It is extremely obvious that if we continue on the path we are on now, we will be in  big trouble in 5 years time! With the right people in office and God on our side we  can change the direction we are headed in. Paying closer attention to our workforce  and putting less money into vacation destination and tourist boards, and advertising.  That cost could be put towards homes that are attainable for blue collar and working  force locals to own a home and not just rent. No one knows the future so seeing that  far ahead isn’t possible. 

LYNN LANDRY


Marathon’s demographics has changed over the past few years. With property values rising and shortage of affordable housing, families have left or sold their property because of rising costs. My goal is to try and keep the family environment in Marathon for years to come.

MIKE LEONARD

If the City remains on its current path local residency will “Shrink”! The outrageous growth has put our locals in a terrible situation. Today we have limited housing stock and many locals have been forced to rent and at the same time annual rents have almost doubled. Therefore, to stop Marathon from becoming the “Weekly Rental Vacation Capital of the World” the City must create a plan that encourages workforce and affordable housings, business ownership and local employment so Marathon does not become a city that models larger resort cities!  

KEVIN MACAULAY

This answer depends almost entirely on the actions we take as a city, starting now, through the next 5 years. We are currently losing many talented, productive, and well-established residents of Marathon because they can no longer afford to live here. If left unchecked, this trend will have disastrous long-term effects on our economy, environment, and our future. Our current trajectory will leave few opportunities for families or individuals in the workforce to survive here, in turn, crippling small businesses and the larger economic infrastructure of Marathon. We can and we must intervene to change the course we are on.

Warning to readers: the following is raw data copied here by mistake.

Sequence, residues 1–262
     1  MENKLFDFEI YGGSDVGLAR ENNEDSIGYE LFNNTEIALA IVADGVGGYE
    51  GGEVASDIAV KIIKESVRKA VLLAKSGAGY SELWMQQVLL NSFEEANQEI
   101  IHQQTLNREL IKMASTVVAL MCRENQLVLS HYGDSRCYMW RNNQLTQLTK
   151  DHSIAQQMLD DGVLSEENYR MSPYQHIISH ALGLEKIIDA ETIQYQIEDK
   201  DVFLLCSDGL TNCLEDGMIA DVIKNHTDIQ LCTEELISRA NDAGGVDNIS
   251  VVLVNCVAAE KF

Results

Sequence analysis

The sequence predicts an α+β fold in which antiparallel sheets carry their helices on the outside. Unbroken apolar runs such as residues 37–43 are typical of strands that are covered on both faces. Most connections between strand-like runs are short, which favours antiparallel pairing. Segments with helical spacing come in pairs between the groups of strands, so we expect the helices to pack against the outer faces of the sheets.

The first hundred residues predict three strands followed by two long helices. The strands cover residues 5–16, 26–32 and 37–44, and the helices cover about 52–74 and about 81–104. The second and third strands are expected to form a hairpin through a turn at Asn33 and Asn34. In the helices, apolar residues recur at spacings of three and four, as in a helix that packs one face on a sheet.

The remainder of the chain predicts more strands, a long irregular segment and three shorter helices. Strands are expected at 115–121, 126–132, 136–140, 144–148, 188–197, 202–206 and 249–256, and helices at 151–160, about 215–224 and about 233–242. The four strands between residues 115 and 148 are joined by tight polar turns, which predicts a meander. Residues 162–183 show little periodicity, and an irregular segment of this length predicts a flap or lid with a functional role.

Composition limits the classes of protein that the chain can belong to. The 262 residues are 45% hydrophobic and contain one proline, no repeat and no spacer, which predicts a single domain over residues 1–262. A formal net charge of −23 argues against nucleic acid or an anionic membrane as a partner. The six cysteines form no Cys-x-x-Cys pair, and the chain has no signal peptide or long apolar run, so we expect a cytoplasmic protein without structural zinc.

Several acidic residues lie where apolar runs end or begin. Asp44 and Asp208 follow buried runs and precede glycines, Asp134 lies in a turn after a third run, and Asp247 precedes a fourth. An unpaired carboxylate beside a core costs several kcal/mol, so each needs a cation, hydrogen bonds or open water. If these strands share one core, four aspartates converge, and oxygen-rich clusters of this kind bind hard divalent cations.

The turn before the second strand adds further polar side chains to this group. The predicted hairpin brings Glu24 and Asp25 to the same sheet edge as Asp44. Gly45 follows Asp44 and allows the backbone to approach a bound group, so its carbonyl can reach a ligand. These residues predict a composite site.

KENNY MATLOCK

If we continue the path we are on, Marathon will be mostly vacation rentals, second and third homes with very few locals. We need a council that fights for locals instead of out-of-town developers. We need to make our way back to a strong family-oriented town. We need employee housing. Council needs to work with local businesses to help them find employee housing instead of working with big developers who do not contribute to the local economy long term. We also need to audit who is renting the “affordable homes”.

WAYNE QUARBERG

If steps are not taken immediately, Marathon will rapidly become a city of extremely wealthy land owners/investment firms and nothing else. All small business, families and sense of community will cease to exist. All goods and services will be provided, to the privileged, from the mainland. In addition, our already limited health care services will be all but eliminated. It is impossible to have nurses and health care professionals working our hospital if they cannot afford to live here. This also includes, school teachers, firefighters and law enforcement personal.